Health
Now Reading
Cardio-Pulmonary Resuscitation [CPR] – Can Save Life in Emergency
1
 Cardiopulmonary resuscitation (CPR) is a lifesaving technique useful in many emergencies, including heart attack or near drowning, in which someone’s breathing or heartbeat has stopped.

It’s far better to do something than to do nothing at all if you’re fearful that your knowledge or abilities aren’t 100 percent complete. Remember, the difference between your doing something and doing nothing could be someone’s life.

When someone’s blood flow or breathing stops, seconds count. Permanent brain damage or death can happen quickly. If you know how to perform cardiopulmonary resuscitation (CPR), you could save a life. CPR is an emergency procedure for a person whose heart has stopped or is no longer breathing. CPR can maintain circulation and breathing until emergency medical help arrives.

Before starting CPR, check:
  • Is the person conscious or unconscious?
  • If the person appears unconscious, tap or shake his or her shoulder and ask loudly, “Are you OK?”
  • If the person doesn’t respond and two people are available, one should call emergency number and one should begin CPR. If you are alone and have immediate access to a telephone, call before beginning CPR — unless you think the person has become unresponsive because of suffocation (such as from drowning). In this special case, begin CPR for one minute and then call emergency number.
  • If an Automated external defibrillator[AED] is immediately available, deliver one shock if instructed by the device, then begin CPR.

Remember to spell C-A-B

The American Heart Association uses the acronym of CAB — compressions, airway, breathing — to help people remember the order to perform the steps of CPR.

Compressions: Restore blood circulation

Cardiopulmonary resuscitation [ CPR] - can Save Life in Emergency 1

Cardiopulmonary resuscitation [ CPR] - can Save Life in Emergency 1

  1. Put the person on his or her back on a firm surface.
  2. Kneel next to the person’s neck and shoulders.
  3. Place the heel of one hand over the center of the person’s chest, between the nipples. Place your other hand on top of the first hand. Keep your elbows straight and position your shoulders directly above your hands.
  4. Use your upper body weight (not just your arms) as you push straight down on (compress) the chest at least 2 inches (approximately 5 centimeters). Push hard at a rate of about 100 compressions a minute.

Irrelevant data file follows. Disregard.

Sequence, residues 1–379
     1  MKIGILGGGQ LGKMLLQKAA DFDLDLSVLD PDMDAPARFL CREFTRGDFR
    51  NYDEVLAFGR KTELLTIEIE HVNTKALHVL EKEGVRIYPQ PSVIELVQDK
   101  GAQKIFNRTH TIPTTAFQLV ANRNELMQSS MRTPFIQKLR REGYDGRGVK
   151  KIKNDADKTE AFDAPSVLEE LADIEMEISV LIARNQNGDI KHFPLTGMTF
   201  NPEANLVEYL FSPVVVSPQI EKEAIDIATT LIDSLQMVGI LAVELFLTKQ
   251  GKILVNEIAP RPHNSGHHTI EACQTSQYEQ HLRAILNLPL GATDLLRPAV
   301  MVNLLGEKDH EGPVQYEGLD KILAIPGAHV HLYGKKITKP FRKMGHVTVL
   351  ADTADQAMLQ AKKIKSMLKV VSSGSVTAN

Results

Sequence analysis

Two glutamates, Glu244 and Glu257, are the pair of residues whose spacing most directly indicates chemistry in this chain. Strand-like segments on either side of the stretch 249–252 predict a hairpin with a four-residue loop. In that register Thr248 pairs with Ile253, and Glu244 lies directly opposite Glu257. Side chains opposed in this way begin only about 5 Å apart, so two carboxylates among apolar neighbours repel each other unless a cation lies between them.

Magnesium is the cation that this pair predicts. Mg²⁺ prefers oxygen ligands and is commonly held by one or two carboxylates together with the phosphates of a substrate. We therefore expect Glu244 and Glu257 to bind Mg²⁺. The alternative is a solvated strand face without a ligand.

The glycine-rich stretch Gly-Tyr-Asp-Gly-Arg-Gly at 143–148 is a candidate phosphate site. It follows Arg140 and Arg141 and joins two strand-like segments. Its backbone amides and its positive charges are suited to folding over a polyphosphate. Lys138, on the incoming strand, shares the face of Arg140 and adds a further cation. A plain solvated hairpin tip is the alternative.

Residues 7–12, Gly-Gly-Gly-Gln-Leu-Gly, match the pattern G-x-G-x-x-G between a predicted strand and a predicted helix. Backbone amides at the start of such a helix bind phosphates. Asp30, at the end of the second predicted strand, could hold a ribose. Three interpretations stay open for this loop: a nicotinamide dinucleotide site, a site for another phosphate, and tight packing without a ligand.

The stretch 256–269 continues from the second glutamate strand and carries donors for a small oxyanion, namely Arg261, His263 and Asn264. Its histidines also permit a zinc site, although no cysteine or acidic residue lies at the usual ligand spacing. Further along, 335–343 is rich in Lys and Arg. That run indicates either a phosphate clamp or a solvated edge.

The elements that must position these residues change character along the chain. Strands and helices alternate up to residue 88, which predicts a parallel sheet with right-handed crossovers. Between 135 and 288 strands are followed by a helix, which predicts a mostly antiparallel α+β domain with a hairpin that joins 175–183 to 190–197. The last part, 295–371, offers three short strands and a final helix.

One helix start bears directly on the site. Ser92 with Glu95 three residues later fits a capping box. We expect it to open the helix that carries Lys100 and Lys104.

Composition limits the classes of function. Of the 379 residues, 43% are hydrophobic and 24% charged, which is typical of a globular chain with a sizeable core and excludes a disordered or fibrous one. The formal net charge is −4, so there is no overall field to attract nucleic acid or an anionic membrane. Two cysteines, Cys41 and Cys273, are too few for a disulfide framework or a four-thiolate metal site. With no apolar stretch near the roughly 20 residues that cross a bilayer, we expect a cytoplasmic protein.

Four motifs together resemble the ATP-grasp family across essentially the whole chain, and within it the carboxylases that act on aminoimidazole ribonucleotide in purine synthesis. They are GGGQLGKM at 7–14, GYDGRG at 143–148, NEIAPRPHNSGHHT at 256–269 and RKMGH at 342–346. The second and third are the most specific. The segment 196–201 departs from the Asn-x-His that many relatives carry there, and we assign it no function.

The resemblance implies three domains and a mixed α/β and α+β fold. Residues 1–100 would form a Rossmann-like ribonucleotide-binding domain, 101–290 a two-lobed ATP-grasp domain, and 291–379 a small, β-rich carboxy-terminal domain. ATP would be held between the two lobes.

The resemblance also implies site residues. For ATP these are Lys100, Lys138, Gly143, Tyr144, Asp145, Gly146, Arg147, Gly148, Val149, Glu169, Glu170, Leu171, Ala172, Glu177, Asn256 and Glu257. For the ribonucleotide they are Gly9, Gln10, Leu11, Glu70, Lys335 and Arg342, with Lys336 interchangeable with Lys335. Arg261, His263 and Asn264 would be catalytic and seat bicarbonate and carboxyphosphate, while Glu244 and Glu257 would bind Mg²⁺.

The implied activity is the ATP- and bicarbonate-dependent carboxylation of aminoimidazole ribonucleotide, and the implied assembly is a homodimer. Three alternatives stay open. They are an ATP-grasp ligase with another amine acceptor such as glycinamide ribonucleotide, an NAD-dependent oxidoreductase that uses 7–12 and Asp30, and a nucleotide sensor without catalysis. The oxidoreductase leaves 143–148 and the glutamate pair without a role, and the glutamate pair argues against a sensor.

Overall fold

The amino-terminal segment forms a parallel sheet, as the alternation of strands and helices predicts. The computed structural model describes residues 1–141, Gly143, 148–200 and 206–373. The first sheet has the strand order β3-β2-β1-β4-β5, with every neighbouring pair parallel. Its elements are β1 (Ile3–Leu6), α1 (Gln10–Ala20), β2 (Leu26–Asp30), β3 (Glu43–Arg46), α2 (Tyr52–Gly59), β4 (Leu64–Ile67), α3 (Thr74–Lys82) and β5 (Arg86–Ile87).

5. If you haven’t been trained in CPR, continue chest compressions until there are signs of movement or until emergency medical personnel take over.

If you have been trained in CPR, go on to checking the airway and rescue breathing.

Airway: Clear the airway

  1. If you’re trained in CPR and you’ve performed 30 chest compressions, open the person’s airway
  2. Put your palm on the person’s forehead and gently tilt the head back. Then with the other hand, gently lift the chin forward to open the airway.
  3. Check for normal breathing, taking no more than five or 10 seconds
  4. If the person isn’t breathing normally and you are trained in CPR, begin mouth-to-mouth breathing
  5. If you believe the person is unconscious from a heart attack and you haven’t been trained in emergency procedures, skip mouth-to-mouth breathing and continue chest compressions.

Breathing: Breathe for the person

Rescue breathing can be mouth-to-mouth breathing or mouth-to-nose breathing if the mouth is seriously injured or can’t be opened

Cardiopulmonary resuscitation [ CPR] - can Save Life in Emergency 1

    1. With the airway open (using the head-tilt, chin-lift maneuver), pinch the nostrils shut for mouth-to-mouth breathing and cover the person’s mouth with yours, making a seal.
    2. Prepare to give two rescue breaths. Give the first rescue breath — lasting one second — and watch to see if the chest rises. If it does rise, give the second breath. If the chest doesn’t rise, repeat the head-tilt, chin-lift maneuver and then give the second breath.Thirty chest compressions followed by two rescue breaths is considered one cycle.
    3. Resume chest compressions to restore circulation.
    4. If the person has not begun moving after five cycles (about two minutes) and an automated external defibrillator (AED) is available, apply it and follow the prompts. Administer one shock, then resume CPR — starting with chest compressions — for two more minutes before administering a second shock.
    5. If you’re not trained to use an AED,  continue CPR until there are signs of movement or emergency medical personnel take over.

 

What's your reaction?
Love It
100%
Meh...
0%
What?
0%
Hate It
0%